Retail, CPG and Logistics

Why CPG brands should take an omnichannel approach

In the past decade, the marketing of Consumer-Packaged Goods (CPG) has been hit by two major shocks that drastically affected all aspects of distribution.

The first major shock was the Covid 19 pandemic. Suddenly consumers could not rely on the traditional brick-and-mortar retail outlets and instead had to depend upon the Internet to fulfil even basic needs. Companies discovered the importance of DTC (Direct to Customer) and e-commerce sites flourished. Companies like Amazon worldwide and Flipkart in India reduced barriers to entry in e-commerce—the investment needed to set up websites as well as to deliver products to customers—thus providing numerous small companies the opportunity to enter the market. With the introduction of platforms like PayPal and the widespread use of credit/debit cards, online payment became secure and reliable. By the time the lockdowns due to Covid 19 ended, multichannel marketing had established itself. However, a new set of problems emerged. Each channel—retail outlets or e-commerce websites—operated in its own silo.

The second major shock was the impact of smartphones and mobile apps. A new generation grew up wedded to their smartphones for everything from entertainment, social media, and even shopping using the newly available mobile apps. As prices for both the hardware and software of smartphones dropped steadily, this trend gathered speed and now covers many shoppers. A new breed of customers was born who demanded everything—ease of purchase, price, and after-sales support 24/7. In India, the development of apps based on UPI made purchasing using smartphones, large or small, online or in-person, ubiquitous. With that, problems related to multichannel marketing surfaced. A customer might do comparison shopping and decide to purchase a product only to find that the local retail outlet does not have it. Queries in one channel were not reflected in communication with the company using other channels.

Omnichannel Marketing developed organically to address the needs of this emerging marketplace.  Let’s look at three main features of this new approach.

  1. In design and implementation, omnichannel marketing is completely focused on the customer. The approach identifies all the customer touch points from initial interest to eventual purchase and after-sales support. It discovers all the pain points in the customer’s journey and addresses them. It maps the customer’s journey beginning with discovering a product, doing comparison shopping, buying and paying for it, and expecting reliable after-sales support. During this process, the customer may use multiple channels-social media, websites, payment apps, and retail outlets. Consequently, an omnichannel approach is essential to provide a common presentation of the brand and ensure that at each touchpoint the company has access to all the customer contact information thus far. The goal is for the customer to be able to navigate the journey with ease at each step. When successfully implemented the customer experiences a seamless, well-connected, clear process for purchasing products using multiple channels.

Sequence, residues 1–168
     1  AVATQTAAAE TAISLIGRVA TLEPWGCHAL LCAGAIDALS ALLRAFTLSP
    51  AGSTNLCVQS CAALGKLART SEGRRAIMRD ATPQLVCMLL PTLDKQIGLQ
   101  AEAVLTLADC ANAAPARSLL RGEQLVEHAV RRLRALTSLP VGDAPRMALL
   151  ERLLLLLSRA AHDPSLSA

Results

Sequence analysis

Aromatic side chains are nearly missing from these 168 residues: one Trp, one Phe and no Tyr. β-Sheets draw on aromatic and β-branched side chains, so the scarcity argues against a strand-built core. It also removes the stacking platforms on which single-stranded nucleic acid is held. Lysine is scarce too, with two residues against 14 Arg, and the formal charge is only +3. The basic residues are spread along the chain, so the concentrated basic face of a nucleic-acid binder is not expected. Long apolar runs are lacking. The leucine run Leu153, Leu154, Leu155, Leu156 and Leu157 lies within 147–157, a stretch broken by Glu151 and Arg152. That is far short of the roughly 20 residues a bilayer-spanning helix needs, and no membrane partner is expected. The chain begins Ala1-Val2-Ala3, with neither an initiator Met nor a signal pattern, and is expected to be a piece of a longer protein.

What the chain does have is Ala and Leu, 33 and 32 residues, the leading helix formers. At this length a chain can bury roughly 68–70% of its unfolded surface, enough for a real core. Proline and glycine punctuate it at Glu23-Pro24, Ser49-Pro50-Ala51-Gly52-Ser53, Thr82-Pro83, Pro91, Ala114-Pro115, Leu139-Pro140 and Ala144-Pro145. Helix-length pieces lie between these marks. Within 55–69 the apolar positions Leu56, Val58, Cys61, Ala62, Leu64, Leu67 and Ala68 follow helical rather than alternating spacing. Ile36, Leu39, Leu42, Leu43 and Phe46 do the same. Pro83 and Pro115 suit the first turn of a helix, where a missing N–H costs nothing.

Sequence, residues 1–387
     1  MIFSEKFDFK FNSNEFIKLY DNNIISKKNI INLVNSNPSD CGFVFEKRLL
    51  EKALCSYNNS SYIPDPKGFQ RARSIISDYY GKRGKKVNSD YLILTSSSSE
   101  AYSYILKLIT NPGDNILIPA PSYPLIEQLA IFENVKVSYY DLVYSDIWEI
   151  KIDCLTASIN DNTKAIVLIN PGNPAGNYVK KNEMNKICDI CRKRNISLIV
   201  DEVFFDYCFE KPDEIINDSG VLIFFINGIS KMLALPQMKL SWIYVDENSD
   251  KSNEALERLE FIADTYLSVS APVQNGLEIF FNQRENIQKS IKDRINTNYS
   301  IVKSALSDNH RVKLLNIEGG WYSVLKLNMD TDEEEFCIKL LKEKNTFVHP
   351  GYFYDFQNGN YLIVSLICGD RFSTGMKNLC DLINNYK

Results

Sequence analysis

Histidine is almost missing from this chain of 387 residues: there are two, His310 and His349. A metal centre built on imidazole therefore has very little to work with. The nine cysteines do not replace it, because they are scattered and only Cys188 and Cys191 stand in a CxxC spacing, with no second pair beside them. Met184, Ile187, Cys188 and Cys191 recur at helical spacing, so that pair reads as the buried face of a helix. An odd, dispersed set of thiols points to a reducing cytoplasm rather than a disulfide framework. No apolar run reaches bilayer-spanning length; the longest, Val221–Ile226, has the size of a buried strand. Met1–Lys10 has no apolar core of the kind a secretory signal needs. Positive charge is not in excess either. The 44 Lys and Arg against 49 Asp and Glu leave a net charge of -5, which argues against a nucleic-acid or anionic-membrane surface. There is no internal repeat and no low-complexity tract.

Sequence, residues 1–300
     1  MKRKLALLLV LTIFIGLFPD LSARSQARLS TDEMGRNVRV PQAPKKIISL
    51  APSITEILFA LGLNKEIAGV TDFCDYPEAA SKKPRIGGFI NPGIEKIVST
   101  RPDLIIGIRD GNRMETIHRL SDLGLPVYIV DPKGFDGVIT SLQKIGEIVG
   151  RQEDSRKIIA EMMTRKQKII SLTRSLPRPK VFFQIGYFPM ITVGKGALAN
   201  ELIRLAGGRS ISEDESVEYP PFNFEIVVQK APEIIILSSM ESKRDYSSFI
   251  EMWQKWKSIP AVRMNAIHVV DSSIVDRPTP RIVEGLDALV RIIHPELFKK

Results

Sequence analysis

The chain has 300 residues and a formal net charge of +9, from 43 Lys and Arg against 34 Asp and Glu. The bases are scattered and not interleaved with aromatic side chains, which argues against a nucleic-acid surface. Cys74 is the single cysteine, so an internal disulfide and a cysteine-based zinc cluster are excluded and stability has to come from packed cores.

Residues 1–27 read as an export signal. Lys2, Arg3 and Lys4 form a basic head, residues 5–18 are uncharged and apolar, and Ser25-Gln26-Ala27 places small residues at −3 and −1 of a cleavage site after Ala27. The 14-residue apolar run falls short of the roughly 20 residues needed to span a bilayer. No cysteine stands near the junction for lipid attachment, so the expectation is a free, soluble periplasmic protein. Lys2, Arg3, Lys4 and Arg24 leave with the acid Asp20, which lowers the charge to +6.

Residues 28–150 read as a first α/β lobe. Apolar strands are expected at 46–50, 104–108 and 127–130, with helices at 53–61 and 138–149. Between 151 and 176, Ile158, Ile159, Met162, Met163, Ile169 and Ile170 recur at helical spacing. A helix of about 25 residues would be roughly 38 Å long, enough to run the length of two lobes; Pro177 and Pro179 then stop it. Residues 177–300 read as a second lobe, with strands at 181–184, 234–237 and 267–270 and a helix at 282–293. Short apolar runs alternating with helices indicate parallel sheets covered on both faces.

2. Implementing this approach requires the company to break down departmental and channel-specific silos and centralise all the information related to the sale of the product. This integration of product, marketing, customer, and sales data leads to a unified exposure of the brand to the customer. Information relating to any stage of the sales pipeline becomes available to all the stakeholders regardless of department or channel. An added benefit of this integration of information is the possibility of collecting data on the customer’s actions throughout the history of the interaction. Customers’ expectations, preferences, and pain points all become easier to analyse using all the tools available now, including AI and ML. Critical decisions can then be data-driven. Moreover, the centralised data allows for better management of inventory and better coordination of marketing and promotions.
  3. Omnichannel marketing makes it possible for a company to be agile in responding to customer needs and expectations. The current generation of customers expects prompt access to information 24/7 through all channels available. By providing an excellent CX the company ensures customer loyalty, word-of-mouth and social media referrals, increased purchases of the company’s products, better understanding of customer needs and expectations, and more personalised/segmented marketing. The COVID-19 pandemic revealed the ever-present possibilities of severe changes to the marketplace which require swift response.

In conclusion, omnichannel marketing has become a must for all CPG companies. Companies must invest in integrating retail and online channels, invest in the hardware and software needed to implement effective use of all channels and upskill current talent to successfully participate in this new era of marketing.

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